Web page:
Public relations is a key tool in the armoury of many organisations looking to build their brand’s awareness and reputation through independent media channels. PR is not without risks, however, and a strategic public relations (PR) plan is an essential start point for those looking to take working with the media seriously.
We’ve put together 12 important pointers that should form the basis of your strategic PR plan:
Define your goals and objectives: clearly define the goals and objectives of the PR campaign so that you are clear on what you are looking to achieve and can measure success afterwards. Goals and objectives might include: brand awareness, improving reputation, or generating media coverage. Ideally try to allocate target metrics against each of these.
Agree your target audience: for some organisations your target audience might be obvious, for others less so. This is true especially where an organisation is more complex with a number of propositions. The plan should include as much information as possible about the characteristics and makeup of the target audience.
Build your key messages: clearly defining your key messages is crucial. These should be clear, concise, and consistent, and should support the overall goals and objectives of the campaign. Generally speaking, it’s important to realise that your key messages will have to be subtly built into your communications (such as press releases and by-lined articles) to avoid content that is too sales related.
Identify your media targets: outline the specific media outlets you are looking to target, as well as the key journalists and influencers to engage with. This will take a little time, which is where tools such as media database tools such as Roxhill come into play.
Event planning and execution: if you are planning to host events, such as product or report launches, press conferences, or trade shows, the plan should include details, including dates, locations, target attendees, and key messages.
Don’t forget social media: as there might be a number of key influencers you’ll want to build relationships with. Plus, whatever content you produce for your PR activity might well be suitable for repurposing across your social channels.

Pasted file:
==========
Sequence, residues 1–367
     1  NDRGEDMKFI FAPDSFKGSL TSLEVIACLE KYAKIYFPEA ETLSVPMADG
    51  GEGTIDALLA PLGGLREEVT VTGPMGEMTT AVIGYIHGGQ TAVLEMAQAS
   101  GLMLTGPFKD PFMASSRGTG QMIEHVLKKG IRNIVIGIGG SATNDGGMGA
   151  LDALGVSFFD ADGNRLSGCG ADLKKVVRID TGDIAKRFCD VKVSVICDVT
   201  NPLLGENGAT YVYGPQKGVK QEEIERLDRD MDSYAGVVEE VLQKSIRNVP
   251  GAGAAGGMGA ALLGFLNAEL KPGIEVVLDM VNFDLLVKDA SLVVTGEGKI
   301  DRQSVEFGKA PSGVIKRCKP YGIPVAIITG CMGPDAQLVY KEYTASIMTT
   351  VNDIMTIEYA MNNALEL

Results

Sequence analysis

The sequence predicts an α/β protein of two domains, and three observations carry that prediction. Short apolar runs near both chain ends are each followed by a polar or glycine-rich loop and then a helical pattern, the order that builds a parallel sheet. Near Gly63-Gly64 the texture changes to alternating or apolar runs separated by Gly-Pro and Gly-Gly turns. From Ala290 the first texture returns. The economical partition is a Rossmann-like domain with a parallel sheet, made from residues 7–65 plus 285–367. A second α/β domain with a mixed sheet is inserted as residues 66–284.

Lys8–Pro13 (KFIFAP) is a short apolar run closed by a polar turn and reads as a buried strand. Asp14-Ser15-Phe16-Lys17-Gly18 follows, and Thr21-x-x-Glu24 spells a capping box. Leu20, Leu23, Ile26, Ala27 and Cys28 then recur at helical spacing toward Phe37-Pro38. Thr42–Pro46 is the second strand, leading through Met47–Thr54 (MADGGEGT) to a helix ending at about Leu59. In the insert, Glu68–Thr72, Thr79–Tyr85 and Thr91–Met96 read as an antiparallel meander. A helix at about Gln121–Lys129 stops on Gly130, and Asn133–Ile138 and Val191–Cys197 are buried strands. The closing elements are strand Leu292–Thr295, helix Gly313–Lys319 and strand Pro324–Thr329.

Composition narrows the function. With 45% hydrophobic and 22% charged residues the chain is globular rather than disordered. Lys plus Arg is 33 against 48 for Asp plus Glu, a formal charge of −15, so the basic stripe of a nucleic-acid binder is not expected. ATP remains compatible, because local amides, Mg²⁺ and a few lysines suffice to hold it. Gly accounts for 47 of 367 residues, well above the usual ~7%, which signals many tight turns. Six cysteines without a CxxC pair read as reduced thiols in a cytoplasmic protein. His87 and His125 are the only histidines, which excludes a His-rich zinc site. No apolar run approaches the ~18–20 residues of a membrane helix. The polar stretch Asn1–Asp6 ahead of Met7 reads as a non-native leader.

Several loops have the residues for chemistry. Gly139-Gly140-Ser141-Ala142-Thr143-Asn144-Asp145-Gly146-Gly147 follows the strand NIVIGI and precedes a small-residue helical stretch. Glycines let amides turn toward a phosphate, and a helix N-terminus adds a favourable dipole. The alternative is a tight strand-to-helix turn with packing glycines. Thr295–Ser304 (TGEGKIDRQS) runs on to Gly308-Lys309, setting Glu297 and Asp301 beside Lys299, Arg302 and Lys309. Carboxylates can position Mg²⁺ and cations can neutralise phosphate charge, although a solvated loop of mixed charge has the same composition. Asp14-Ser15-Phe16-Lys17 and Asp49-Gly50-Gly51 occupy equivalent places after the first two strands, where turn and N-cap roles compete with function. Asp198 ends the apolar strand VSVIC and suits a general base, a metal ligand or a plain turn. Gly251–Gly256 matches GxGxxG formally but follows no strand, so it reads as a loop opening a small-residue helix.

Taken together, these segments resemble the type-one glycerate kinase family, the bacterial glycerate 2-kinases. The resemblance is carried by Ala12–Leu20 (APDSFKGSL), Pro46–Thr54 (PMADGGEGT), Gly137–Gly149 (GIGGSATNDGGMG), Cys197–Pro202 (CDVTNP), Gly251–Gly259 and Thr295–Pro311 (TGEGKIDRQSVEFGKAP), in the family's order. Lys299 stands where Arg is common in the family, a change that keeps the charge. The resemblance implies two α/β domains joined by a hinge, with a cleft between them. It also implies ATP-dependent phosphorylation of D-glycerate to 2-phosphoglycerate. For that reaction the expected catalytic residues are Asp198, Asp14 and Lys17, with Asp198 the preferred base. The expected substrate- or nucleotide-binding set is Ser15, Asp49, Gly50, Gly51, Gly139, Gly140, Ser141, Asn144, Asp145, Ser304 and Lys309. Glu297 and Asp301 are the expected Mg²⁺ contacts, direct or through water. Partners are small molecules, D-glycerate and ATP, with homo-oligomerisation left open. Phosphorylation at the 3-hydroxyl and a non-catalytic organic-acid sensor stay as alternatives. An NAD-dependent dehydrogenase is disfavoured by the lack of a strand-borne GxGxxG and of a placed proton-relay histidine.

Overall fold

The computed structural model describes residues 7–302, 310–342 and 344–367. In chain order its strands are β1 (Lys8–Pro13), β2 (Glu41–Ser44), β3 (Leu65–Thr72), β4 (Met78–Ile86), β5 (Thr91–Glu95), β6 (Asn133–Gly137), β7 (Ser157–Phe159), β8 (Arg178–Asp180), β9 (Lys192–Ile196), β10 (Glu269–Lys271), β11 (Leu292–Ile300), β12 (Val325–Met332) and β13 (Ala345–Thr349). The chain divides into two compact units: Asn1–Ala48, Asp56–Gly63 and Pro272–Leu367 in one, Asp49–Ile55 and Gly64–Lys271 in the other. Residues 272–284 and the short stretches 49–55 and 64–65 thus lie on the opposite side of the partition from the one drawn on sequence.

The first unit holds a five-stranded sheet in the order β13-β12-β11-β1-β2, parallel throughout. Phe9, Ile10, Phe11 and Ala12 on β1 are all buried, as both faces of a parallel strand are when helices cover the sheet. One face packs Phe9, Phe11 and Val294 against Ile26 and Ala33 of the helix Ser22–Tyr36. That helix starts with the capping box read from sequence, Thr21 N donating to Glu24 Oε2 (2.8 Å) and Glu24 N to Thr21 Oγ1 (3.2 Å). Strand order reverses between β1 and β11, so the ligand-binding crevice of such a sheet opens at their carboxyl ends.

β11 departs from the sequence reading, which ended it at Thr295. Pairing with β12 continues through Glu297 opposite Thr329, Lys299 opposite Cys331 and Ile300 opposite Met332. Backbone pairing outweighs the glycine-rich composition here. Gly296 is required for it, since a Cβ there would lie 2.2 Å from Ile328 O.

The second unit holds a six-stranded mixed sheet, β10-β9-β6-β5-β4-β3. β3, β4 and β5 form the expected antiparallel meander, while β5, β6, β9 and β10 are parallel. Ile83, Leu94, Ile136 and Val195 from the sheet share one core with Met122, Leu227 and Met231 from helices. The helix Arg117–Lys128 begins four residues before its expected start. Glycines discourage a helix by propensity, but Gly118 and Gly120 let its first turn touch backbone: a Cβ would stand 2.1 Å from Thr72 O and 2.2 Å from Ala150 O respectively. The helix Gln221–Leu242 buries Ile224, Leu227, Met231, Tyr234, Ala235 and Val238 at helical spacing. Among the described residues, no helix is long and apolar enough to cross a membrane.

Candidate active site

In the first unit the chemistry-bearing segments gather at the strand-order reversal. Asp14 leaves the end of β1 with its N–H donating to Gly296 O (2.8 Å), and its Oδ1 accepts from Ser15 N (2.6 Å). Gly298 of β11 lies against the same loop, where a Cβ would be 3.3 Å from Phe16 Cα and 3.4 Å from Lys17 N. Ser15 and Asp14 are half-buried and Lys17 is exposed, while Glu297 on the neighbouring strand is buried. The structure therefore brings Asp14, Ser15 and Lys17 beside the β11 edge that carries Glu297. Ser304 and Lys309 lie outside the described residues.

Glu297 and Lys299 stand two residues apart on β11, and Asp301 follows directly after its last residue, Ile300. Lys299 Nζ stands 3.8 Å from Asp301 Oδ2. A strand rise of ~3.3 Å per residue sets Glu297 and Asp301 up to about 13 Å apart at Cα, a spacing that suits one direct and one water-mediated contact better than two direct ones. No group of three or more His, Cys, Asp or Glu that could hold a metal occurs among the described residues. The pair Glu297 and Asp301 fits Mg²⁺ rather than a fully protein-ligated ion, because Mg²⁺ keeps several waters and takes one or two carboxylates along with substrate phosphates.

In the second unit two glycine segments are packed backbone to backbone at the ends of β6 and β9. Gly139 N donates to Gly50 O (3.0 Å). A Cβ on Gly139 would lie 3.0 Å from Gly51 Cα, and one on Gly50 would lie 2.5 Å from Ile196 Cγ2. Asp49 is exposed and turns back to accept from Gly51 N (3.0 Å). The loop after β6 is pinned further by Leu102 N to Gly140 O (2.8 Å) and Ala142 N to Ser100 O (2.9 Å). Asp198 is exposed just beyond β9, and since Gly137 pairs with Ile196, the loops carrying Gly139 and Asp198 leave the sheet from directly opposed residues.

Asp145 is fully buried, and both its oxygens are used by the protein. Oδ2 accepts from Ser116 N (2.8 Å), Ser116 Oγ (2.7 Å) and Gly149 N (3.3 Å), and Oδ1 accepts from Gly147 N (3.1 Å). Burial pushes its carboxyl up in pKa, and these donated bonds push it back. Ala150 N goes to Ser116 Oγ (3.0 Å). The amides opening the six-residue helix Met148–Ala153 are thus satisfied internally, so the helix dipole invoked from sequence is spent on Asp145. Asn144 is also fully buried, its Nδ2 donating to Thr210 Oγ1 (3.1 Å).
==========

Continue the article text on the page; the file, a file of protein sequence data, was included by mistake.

Your crisis communication plan: include a crisis communication strategy that outlines the steps you’ll need to take in the event of a crisis, such as a product recall or negative media coverage. Detail your crisis management team and think about producing a separate crisis communication plan.
Budget and resources: outline your budget for the PR campaign, including costs for staff, events, media relations, and other expenses. This might include agency costs as well as fees for press cuttings, taking pictures and so on.
Measurement and evaluation: detail metrics for measuring the effectiveness of the PR campaign, such as media coverage, social media engagement, and website traffic. This should be dynamic and reviewed regularly.
Long-term sustainability: you could include a long-term sustainability strategy that outlines the steps you’ll take to maintain and build on the momentum generated by your PR campaign. This will help to avoid the ‘what now?’ moment.
Collaborate with colleagues: it’s important to be collaborative and make sure all relevant departments such as marketing, sales, customer service, and human resources are aware of the activity and the publicity that could results.
Integration with the business plan: your overall business strategy should be the initial driver of the campaign so it’s worth outlining this and be clear on how the integration has taken place.
Your strategic PR plan should be a living, dynamic, document but it’s important to be thorough from the start to give yourself and your campaign the best possible chance of success. Our ’12 point’ blog post is a good starting point and one that will hopefully set you on the right course!